Are You Really Sorry? Here’s Five Ways to Tell Them - Hope 103.2

Are You Really Sorry? Here’s Five Ways to Tell Them

Saying sorry takes courage, humility, and sincerity. But what if the person receiving the apology doesn’t actually believe you are being sincere?

By Clare BruceMonday 6 Feb 2017Hope BreakfastRelationshipsReading Time: 4 minutes

Saying sorry can take a lot of courage and humility. But that’s not all: for an apology to be effective, it also takes sincerity.

There’s a catch, though: what if the person receiving the apology doesn’t actually believe you are being sincere?

According to author, pastor and counsellor Gary Chapman, that’s where it helps to know the different ‘languages of apology’.

Learning How to Apologise is Crucial in a Marriage

Gary, most famous for his book The Five Love Languages, told Hope 103.2’s Laura and Duncan that apologising well is crucial for a healthy marriage.

“If you don’t learn to apologise effectively, you cannot have a good marriage relationship, because none of us are perfect,” he said.

When Gary’s fellow counsellor Dr Jennifer Thomas observed that often one person’s version of an apology isn’t their spouse’s version, he knew she was onto something.

“It rang with me because [couples] had been in my counselling office for years, arguing over whether or not one of them apologised,” he said. “The wife would say, ‘I would forgive him if he’d just apologise’. And the husband would say ‘I told you I was sorry!’, and she’d say, ‘That’s not an apology’.

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Gary and Jennifer embarked on some research, asking thousands of people about the ways they say sorry, and found out that there were five main styles. They turned their findings into a book, originally titled The Five Languages of Apology, and more recently republished under the new title, When Sorry Isn’t Enough.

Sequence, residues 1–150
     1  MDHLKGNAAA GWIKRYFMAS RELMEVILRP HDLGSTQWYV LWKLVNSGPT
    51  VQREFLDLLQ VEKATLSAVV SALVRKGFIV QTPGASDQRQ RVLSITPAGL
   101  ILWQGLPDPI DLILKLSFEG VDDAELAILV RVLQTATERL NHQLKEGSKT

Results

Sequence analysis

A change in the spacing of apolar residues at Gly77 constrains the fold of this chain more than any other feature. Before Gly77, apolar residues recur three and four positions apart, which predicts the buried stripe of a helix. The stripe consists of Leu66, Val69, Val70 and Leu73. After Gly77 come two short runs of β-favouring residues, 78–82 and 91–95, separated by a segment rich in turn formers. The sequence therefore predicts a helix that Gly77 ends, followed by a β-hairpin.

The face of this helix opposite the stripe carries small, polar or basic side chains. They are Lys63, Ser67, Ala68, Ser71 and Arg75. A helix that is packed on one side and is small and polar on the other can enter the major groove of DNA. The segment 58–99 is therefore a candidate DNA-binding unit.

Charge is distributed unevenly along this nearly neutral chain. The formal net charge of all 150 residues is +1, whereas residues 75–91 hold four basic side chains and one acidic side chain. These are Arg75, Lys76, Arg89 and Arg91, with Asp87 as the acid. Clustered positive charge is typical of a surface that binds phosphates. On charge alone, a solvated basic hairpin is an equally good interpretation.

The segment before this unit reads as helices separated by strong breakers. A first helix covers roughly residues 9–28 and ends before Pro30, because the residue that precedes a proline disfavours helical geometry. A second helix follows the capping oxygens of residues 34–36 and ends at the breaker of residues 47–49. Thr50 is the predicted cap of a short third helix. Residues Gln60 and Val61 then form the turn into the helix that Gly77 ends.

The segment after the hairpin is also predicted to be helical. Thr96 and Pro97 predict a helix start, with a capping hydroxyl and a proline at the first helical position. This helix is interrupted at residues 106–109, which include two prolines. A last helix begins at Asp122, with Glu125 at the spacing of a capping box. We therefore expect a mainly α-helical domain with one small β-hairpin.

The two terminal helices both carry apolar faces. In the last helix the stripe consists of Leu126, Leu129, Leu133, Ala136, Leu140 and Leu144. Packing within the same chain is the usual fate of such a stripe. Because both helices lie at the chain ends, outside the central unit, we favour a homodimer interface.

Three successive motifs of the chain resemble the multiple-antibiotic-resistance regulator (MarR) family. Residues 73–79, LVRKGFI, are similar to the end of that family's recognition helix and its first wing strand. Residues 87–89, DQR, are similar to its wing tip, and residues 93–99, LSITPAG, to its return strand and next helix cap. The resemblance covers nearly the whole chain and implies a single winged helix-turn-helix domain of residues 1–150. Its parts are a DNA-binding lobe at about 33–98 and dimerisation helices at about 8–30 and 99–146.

The Five Languages of Apology

Man and woman holding hands at a table

The key to saying ‘sorry’ to your spouse or friend in a way they will understand, is to find out what makes them feel that you are being sincere. Even ask them if you need to.

“It just makes it easier for the person to forgive you,” Gary said. “Because if we think they’re sincere, we’re willing to forgive. But we all judge sincerity on our own idea of what a sincere apology looks like.”

Gary and Jennifer break down apology language into the following five categories.

1 – I’m Sorry I Did That

The first language is expressing regret. You say sorry, but you also say why.

“Always tell them what you’re sorry for,” Gary said. “For example, ‘I’m sorry I lost my temper and yelled at you’. It means, ‘I feel badly about what I did or said’.”

2 – You’re Right: I Was Wrong

The second apology language is accepting responsibility. The key here is admitting you were at fault, and showing someone that you accept you’ve did a wrong or hurtful thing.

Phrases like, ‘I was wrong’, ‘I shouldn’t have done that’, ‘No excuse for that’, are all ways of accepting responsibility.

“For some people, this is what they’re wanting to hear,” Gary said.

3 – How Can I Make This Right?

Couple sitting on a couch arguing

The third in Gary Chapman’s list of five apology languages is offering to make restitution, with phrases like, ‘What can I do to make it up to you?’, or, ‘How can I make this right?’.

“Some people have never ever thought of doing that,” Gary said. “And if that is what the other person considers to be a sincere apology, then you can say ‘I’m sorry’, but that doesn’t mean much to them. But if you offer to do something to make it right, they see the sincerity in that.”

4 – I Want to do Better at This

Expressing a desire to change is the fourth language of apology in Gary’s list.

“After you’ve done whatever it is that offended them, you’re saying to them, ‘I don’t like that about me, I don’t want to do that again’, ‘I know I did the same thing last month and I don’t want to keep doing this’, ‘Can you help me?’, ‘Can we get a plan so I won’t do this again?’,” said Gary. “For some people, this is what they see as a sincere apology.”

5 – Would You Forgive Me?

The fifth language of apology is a sincere request for forgiveness, with phrases like, ‘Will you forgive me?’, or ‘I hope you can forgive me.’ Gary says this language shows the person you’ve offended, that you value the relationship enough to want to repair it through forgiveness.

“For some people, they’re waiting for that,” he said.